How do you guarantee the careful handling of research data with personal data?
This section describes the elements of careful handling of data that are important during any investigation in which Personal Data is processed. It also describes the way in which Tilburg University ensures the careful handling of data.
This includes the handling of respondents' contact details, the rights of participants during the study, the use of programs for collecting, storing and analyzing data, sharing data, securing data and reporting the results.
Contact details of (potential) respondents
Files with contact details should only be accessible to necessary persons:
- The principal investigators involved
- The manager.
A Tilburg University researcher who collects and stores contact data in the context of scientific research must, according to the GDPR, store these data securely with limited access guaranteed.
The researcher is responsible for the separate storage of the contact data file. The contact data that can be linked to the dataset should be deleted by the researcher as soon as possible (within 6 months unless longer is necessary), as long as this does not conflict with the interests of the scientific research.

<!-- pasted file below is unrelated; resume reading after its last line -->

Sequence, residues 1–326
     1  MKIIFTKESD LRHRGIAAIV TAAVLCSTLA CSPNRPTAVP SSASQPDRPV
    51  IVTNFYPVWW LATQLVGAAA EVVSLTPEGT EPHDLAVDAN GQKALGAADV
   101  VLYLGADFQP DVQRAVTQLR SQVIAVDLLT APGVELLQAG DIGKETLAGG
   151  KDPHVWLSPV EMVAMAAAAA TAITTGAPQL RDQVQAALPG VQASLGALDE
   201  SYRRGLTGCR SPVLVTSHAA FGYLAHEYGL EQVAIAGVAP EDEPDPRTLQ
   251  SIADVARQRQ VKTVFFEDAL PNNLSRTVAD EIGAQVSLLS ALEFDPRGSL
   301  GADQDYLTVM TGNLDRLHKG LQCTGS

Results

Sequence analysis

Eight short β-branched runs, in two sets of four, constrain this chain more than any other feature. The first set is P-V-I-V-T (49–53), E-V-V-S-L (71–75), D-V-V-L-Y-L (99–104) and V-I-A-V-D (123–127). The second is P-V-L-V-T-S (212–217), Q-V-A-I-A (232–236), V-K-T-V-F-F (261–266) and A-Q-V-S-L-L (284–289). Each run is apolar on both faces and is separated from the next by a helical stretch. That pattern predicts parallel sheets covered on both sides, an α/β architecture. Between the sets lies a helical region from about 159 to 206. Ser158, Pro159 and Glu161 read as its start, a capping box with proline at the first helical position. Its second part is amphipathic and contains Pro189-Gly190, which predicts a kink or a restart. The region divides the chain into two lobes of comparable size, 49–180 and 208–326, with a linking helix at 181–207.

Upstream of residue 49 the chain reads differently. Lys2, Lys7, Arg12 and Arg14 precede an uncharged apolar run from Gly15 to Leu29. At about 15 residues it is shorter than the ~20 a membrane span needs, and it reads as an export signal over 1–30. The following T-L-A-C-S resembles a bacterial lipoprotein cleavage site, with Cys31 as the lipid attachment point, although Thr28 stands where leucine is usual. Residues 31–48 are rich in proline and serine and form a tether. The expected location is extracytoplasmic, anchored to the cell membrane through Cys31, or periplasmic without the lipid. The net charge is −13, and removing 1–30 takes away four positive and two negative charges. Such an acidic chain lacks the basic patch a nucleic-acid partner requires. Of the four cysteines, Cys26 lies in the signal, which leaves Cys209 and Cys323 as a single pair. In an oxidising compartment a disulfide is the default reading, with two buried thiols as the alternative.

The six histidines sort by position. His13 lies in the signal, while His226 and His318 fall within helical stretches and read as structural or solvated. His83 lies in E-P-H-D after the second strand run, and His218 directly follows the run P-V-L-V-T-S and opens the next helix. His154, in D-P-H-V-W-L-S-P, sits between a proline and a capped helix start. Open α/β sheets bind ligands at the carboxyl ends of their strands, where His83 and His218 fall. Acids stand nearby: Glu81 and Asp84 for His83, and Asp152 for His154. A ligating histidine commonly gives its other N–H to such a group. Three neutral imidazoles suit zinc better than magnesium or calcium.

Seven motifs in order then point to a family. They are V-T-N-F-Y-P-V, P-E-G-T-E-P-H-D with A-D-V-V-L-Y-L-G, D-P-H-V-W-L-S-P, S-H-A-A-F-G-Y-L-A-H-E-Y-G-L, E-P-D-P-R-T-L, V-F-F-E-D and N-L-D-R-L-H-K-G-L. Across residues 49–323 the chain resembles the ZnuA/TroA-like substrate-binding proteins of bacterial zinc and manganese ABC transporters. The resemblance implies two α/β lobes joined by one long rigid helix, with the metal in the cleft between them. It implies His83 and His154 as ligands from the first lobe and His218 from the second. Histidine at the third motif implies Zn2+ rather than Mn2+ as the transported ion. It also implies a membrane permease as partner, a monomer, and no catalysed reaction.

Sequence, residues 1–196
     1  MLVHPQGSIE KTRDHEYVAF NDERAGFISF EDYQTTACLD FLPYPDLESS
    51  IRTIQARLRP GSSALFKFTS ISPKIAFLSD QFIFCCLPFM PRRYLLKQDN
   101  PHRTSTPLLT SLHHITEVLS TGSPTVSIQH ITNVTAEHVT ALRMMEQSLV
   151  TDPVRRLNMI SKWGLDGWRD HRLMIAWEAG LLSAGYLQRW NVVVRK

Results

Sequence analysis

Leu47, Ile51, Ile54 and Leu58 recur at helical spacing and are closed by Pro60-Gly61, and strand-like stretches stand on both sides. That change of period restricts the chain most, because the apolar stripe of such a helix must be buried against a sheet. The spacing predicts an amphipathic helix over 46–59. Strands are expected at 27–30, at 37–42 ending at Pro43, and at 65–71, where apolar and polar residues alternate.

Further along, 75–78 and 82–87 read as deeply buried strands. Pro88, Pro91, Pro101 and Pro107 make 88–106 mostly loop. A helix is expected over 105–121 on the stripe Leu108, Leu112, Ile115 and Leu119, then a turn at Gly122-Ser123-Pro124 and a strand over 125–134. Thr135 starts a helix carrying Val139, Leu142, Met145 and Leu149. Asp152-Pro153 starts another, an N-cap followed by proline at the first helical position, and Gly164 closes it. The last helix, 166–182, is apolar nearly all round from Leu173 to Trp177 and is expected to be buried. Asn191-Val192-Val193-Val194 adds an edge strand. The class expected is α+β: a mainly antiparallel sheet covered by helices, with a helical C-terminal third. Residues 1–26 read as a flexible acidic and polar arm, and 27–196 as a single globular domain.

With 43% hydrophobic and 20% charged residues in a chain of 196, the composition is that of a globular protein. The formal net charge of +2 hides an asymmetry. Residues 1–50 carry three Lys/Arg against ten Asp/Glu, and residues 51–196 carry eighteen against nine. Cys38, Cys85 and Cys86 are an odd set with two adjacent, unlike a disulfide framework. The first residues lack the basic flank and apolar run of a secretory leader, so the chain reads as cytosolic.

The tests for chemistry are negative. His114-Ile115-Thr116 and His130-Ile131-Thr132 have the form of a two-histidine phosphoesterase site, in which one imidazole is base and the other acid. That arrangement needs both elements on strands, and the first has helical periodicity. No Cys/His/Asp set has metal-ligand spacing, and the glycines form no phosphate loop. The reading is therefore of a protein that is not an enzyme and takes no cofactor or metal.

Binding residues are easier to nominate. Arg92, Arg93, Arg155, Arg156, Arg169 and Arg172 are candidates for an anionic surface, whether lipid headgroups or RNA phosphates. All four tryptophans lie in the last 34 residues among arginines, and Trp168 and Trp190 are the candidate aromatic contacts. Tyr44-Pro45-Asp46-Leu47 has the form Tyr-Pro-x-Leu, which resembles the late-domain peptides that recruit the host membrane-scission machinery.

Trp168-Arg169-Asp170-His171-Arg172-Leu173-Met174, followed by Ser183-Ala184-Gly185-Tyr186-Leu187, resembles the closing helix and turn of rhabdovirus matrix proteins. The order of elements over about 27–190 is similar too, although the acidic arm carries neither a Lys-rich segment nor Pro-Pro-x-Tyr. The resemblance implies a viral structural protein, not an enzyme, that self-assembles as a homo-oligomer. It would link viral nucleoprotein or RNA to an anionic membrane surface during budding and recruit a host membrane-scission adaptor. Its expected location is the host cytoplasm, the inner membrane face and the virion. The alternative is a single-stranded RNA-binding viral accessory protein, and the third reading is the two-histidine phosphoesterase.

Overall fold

Modification of collected personal data
An investigator may decide during the investigation that additional personal data is necessary
If, during the study, there are changes in the personal data that are collected, the researcher should amend the data management plan by means of an amendment so that the processing register is updated.
Access and security of personal data
Within Tilburg University, as few people as possible have access to the digital or physical data sets of research in which personal data are processed. This access is usually limited to the researchers involved and their supervisor.
Access to personal data files and archives
|Files personal data||Access is permitted only for the researchers involved (including student researchers) and the supervisor (in connection with backup).|
|Archives||Access to digital and physical datasets containing personal data is permitted only for researchers, the department chairman and the manager of the digital or physical datasets.|
Digital and physical datasets containing personal data must be stored securely and are only accessible to those for whom this is necessary in the context of the research.
Access to personal data
Datasets containing personal data must be stored securely. That is to say:
In the absence of the researchers at the workplace, computers should be locked and the workspace closed.
|Physical||Documents containing personal data should be stored securely in a locked cupboard or archive. In case of absence, the cabinets or archives should be locked and not accessible to unauthorized persons.|